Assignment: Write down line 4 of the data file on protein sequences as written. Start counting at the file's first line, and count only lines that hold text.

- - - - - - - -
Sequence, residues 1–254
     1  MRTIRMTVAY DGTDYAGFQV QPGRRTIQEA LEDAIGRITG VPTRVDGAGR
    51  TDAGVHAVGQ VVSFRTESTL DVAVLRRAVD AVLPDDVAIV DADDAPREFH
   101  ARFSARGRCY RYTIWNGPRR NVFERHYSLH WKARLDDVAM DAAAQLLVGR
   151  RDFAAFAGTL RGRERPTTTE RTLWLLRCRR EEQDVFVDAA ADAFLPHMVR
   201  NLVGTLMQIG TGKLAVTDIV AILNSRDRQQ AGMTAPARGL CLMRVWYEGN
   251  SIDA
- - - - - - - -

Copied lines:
   101  ARFSARGRCY RYTIWNGPRR NVFERHYSLH WKARLDDVAM DAAAQLLVGR